On the other hand, dairy allergy is an intolerance to dairy products as a whole. Therefore, those who suffer from this have to be extremely careful with the food they consume.
For a dairy allergy sufferer, the separation of products is imperative as well as the area in which their food is prepared.
It is very important that the products are manufactured in places where there are absolutely no traces of dairy.
Wherein veganism labels such as ‘may contain traces’ are often of no harm to the consumer, for dairy-free, it is quite the opposite.
There have been cases of deaths caused by the unknown consumption of dairy.
In 2017, Owen Carey passed away after eating buttermilk chicken at UK chain Byron Burger.
Despite informing the staff of his allergies, he was misled into believing that the burger was okay for him to eat.
Owen suffered anaphylactic shock and passed away. Upon investigation, the restaurant failed to declare the allergens under the burger that Owen had ordered.
Consequently, it is not only the individual’s responsibility but companies are also equally responsible for declaring allergens and correctly marketing their products and services.
Aside from allergies, some choose to give up dairy for skin reasons. It is normally the first port of call for dermatologists to suggest this.
Dr Harshna Bijlani, a Mumbai skin expert told Vogue magazine: “As children, our systems are designed to secrete enzymes that digest milk, but as we grow up, our ability to digest milk reduces.
“The quality of milk is also different nowadays, as the demand for it has grown. As a consequence, cows are being injected with various hormones in order to boost milk production and satisfy needs.”
Unfortunately, these hormones are then in the end product that is consumed. Dr Bijlani then explained how these hormones such as insulin-like-growth-factor-1, are then absorbed by the human body.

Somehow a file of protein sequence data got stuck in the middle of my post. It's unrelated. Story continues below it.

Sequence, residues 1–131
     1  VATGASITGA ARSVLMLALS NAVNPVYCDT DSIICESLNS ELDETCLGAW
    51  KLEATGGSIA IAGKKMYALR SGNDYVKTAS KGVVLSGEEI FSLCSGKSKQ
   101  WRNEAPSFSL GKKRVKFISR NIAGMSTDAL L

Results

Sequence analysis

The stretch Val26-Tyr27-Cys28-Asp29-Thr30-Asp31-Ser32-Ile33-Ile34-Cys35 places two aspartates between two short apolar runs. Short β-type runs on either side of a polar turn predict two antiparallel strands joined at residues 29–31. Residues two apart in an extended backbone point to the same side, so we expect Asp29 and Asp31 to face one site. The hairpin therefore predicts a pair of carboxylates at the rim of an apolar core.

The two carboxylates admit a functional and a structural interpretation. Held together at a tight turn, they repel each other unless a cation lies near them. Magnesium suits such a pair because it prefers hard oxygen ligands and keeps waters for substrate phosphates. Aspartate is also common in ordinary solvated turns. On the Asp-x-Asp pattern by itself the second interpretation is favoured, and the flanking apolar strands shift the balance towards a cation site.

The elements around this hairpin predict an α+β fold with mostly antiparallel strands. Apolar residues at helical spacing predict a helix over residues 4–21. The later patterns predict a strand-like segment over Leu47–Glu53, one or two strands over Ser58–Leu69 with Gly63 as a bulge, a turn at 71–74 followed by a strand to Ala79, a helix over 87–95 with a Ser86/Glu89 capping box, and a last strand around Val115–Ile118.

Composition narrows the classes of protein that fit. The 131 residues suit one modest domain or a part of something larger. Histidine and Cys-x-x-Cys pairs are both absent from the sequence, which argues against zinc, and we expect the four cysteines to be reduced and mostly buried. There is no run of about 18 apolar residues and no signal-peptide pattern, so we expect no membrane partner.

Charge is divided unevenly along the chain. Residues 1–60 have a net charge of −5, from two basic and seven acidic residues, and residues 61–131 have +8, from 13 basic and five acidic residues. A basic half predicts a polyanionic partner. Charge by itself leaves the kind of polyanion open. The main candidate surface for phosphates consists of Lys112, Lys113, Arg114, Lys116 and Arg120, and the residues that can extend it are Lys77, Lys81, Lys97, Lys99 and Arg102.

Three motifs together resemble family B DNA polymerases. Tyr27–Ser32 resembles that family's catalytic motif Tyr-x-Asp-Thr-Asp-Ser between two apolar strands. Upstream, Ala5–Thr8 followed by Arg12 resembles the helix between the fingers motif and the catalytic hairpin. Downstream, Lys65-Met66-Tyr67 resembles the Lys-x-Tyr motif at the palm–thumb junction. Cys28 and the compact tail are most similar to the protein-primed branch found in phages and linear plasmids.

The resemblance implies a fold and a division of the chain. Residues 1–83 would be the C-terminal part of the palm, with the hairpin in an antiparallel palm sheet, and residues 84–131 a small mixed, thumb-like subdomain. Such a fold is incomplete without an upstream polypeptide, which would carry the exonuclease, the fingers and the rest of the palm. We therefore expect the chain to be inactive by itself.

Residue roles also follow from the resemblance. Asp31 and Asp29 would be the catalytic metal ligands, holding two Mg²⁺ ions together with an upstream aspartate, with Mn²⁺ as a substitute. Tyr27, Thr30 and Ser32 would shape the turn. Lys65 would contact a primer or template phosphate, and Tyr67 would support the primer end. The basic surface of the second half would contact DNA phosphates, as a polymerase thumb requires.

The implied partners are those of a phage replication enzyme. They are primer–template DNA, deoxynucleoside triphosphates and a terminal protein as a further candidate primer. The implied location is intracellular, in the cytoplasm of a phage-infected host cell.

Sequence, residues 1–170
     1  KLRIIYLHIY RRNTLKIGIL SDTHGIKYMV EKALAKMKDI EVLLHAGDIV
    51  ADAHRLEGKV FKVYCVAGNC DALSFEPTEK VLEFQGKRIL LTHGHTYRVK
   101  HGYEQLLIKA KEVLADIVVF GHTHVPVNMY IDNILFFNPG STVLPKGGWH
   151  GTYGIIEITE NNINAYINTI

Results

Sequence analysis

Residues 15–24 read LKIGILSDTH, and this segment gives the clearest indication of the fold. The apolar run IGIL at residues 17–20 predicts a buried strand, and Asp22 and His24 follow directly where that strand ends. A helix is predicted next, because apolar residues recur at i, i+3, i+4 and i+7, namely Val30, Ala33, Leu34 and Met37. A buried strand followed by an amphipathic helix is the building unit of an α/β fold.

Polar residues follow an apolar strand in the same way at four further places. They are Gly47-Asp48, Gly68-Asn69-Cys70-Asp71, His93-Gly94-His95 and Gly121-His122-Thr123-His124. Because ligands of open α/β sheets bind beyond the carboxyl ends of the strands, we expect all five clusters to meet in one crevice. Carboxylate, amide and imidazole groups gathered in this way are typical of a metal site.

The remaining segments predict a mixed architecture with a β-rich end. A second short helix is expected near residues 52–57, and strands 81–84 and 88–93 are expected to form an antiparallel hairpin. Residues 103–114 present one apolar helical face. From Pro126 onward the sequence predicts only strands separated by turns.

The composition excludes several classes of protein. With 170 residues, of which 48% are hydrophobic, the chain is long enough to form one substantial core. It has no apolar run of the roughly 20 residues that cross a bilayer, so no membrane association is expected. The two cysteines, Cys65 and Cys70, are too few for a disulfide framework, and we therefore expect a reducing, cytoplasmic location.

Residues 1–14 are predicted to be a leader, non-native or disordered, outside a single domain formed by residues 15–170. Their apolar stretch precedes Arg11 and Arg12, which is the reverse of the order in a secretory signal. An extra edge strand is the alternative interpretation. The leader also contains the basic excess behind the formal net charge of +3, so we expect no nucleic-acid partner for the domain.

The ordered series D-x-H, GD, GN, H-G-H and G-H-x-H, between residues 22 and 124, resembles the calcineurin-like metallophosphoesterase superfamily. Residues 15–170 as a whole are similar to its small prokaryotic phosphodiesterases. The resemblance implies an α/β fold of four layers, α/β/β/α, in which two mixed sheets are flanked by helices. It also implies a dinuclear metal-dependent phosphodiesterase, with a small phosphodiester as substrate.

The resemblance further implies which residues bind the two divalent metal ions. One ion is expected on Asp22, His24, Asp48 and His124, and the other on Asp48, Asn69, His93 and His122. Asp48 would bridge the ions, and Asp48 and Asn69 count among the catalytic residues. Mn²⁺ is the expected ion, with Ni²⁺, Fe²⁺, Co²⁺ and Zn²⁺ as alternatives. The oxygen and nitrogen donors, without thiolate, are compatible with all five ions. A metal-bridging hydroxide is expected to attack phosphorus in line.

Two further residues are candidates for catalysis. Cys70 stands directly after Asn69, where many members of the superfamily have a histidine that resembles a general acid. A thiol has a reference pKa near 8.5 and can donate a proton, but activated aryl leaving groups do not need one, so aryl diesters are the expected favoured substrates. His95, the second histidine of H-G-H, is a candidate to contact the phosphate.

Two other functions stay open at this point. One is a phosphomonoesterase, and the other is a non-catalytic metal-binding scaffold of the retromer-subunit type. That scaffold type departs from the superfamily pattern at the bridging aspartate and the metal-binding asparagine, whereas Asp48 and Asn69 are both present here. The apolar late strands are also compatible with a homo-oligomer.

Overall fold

It can cause the overproduction of sebum, resulting in spots and skin inflammation.
Therefore, many are recommended to cut down on their dairy consumption when trying to clear their skin.
Concerns are often raised when an individual chooses to omit products from their diet. This is fear that they will not get their recommended daily dose of vitamins and fall deficient.
This issue resonated more with the vegan community, particularly with B12 which is rich in meats, calcium from dairy and protein from meats, fish and eggs.
Upon interviewing Dr Mohammed Qasim, a GP from the West Midlands, he set to clear these hesitations: “By assuming a diet such as vegan or dairy-free, it does not necessarily mean that you will be deficient in vitamins.
“However, when omitting any traditional source of the vitamin from your diet, it is important to remain aware and slightly more mindful of your food consumption.
“Saying that, many people, regardless of diet choice, can struggle with maintaining vitamin levels if they are not consuming a varied diet.
“Before switching, I would recommend some research be done surrounding alternative foods that you can source these vitamins from.
“I would also recommend taking a daily supplement to complement this. There are many great ones on the market specifically targeted at vegans and dairy-free.
“Plant-based kinds of milk are also extremely good nowadays as they are fortified with calcium and other vitamins. Vegans, as well as dairy-free, will not struggle within this department as they have in the past.”
Undoubtedly, with companies constantly introducing new products and catering for different diet choices, being vegan or dairy-free is quite easy to maintain.
These diets are very different in terms of what they constitute.
For those within industries working closely with food, in health or just knowing someone who maintains one of these diets, it is beneficial to be aware.
The differences are quite significant, and in some cases could cause a life or death situation.